Hey, at least it's not a story about Bitcoin or the latest Apple drivel.

      • Years ago, I didn't know what "^H^H^H^H^H" meant. (It is, apparently, how one typed a backspace on a rather old type of computer).

        It's nostalgia around old terminal machines. It's an old type of nerd who would appreciate that humor as it clicks with their generation of computer discovery and use. It also establishes a connection amongs the nerds who had the same type of PC usage style and belong to the same "PC Universe".

        Your nerdiness is not my nerdiness. I personally judge whether or not a story is good f

        • by Ihmhi (1206036)

          You are a "young nerd" if I read that.

          I'm 25, but I've only had Internets for 6 years. I'd better be classified as a "poor nerd". My first computer was a 199Mhz Pentium... maybe a Pentium 2, don't remember. My second computer was literally built from abandoned parts I found on the street. I learned about computer hardware by salvaging and rebuilding computers, and my dad scrapped the rest.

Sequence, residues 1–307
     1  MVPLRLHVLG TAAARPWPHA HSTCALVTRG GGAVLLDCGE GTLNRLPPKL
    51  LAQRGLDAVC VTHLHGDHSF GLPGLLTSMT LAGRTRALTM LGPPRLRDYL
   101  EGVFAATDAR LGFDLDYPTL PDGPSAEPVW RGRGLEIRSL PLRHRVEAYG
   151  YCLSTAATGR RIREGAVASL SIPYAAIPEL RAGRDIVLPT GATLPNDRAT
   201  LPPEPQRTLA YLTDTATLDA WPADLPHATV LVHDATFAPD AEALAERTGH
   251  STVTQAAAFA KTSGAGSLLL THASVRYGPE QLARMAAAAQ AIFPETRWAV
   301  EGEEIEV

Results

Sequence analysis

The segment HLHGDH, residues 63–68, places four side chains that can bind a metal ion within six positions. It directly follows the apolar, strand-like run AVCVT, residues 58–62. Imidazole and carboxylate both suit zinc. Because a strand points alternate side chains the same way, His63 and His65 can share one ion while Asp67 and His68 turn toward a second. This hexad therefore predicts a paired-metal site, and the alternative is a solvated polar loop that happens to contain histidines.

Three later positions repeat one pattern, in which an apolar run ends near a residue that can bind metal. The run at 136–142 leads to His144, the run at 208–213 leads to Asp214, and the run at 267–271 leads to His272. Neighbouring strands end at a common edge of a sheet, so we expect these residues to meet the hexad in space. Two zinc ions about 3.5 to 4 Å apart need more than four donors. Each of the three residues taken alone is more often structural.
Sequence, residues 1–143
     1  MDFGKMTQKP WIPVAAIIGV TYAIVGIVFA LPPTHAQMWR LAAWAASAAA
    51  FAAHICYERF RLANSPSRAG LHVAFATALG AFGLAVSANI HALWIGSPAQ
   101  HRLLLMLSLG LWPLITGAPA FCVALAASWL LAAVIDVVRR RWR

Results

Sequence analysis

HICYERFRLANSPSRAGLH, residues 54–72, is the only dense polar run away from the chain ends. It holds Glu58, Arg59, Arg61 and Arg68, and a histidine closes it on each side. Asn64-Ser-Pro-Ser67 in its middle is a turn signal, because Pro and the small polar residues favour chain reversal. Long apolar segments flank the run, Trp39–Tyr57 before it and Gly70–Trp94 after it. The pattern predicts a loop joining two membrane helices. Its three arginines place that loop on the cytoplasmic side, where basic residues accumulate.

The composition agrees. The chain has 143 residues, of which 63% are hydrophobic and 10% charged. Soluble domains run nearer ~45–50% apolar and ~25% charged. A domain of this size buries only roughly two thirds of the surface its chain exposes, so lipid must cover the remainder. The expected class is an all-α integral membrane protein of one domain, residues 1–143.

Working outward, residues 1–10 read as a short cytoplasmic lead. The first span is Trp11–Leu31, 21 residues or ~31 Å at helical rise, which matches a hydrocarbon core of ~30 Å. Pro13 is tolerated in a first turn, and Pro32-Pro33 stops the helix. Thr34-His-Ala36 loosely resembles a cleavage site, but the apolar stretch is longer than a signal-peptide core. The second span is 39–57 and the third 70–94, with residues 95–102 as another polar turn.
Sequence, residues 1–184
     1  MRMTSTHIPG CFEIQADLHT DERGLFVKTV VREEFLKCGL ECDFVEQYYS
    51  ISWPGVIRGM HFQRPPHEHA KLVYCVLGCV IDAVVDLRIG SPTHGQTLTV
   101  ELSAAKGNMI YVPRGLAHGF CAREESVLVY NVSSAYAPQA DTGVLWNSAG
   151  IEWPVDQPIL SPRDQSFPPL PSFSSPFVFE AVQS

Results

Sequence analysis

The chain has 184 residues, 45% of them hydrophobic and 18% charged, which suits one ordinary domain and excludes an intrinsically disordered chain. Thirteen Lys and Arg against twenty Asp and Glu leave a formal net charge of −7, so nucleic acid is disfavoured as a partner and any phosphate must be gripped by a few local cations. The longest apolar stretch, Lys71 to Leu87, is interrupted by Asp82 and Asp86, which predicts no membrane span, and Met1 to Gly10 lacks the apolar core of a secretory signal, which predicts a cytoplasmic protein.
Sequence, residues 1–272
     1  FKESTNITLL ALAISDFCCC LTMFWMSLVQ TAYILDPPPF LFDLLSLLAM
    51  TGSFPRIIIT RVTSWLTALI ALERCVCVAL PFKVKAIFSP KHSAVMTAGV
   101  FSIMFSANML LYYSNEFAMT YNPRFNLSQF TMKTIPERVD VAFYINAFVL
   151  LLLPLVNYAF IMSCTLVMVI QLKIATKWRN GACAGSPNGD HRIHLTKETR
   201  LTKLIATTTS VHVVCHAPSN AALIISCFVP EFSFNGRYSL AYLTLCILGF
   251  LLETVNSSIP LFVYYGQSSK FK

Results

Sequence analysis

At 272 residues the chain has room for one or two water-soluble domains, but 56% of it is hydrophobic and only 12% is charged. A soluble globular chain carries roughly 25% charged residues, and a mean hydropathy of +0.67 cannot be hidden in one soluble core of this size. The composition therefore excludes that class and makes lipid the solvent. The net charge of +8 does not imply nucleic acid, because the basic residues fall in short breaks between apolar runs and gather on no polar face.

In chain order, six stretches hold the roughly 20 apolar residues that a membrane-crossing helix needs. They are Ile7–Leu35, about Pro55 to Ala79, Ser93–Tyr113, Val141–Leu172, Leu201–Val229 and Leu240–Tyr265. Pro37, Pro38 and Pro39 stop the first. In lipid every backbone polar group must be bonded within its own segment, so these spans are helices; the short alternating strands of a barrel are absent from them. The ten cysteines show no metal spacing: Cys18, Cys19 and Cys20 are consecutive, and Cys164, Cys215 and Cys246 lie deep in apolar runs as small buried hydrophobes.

• My first computer was a 199Mhz Pentium...

            A Pentium?? When I was a kid, we would have climbed over dead bodies to get a Pentium! We had to walk 2 miles through the snow to time-share on this [retrothing.com], and we thought we were lucky.

            Kids these days.

      • by zippthorne (748122) on Wednesday September 14, 2011 @07:43AM (#37397120) Journal

        It's not an "obscure computer" It's the very computer you're still typing on

        ^h = control key + h. The "trick" you probably don't know is that control + character combos are shorthand for ascii control characters. Specifically, the characters a-z correspond to 1-26, and a few off the surrounding keys also map to control characters (there are 32 total control characters)

        You will find that, in windows programs like Word, etc, many or all of the combos are trapped, and made to do other things that may be more useful to the user, but in, say, a command window, the ones that make sense there will do what they always did.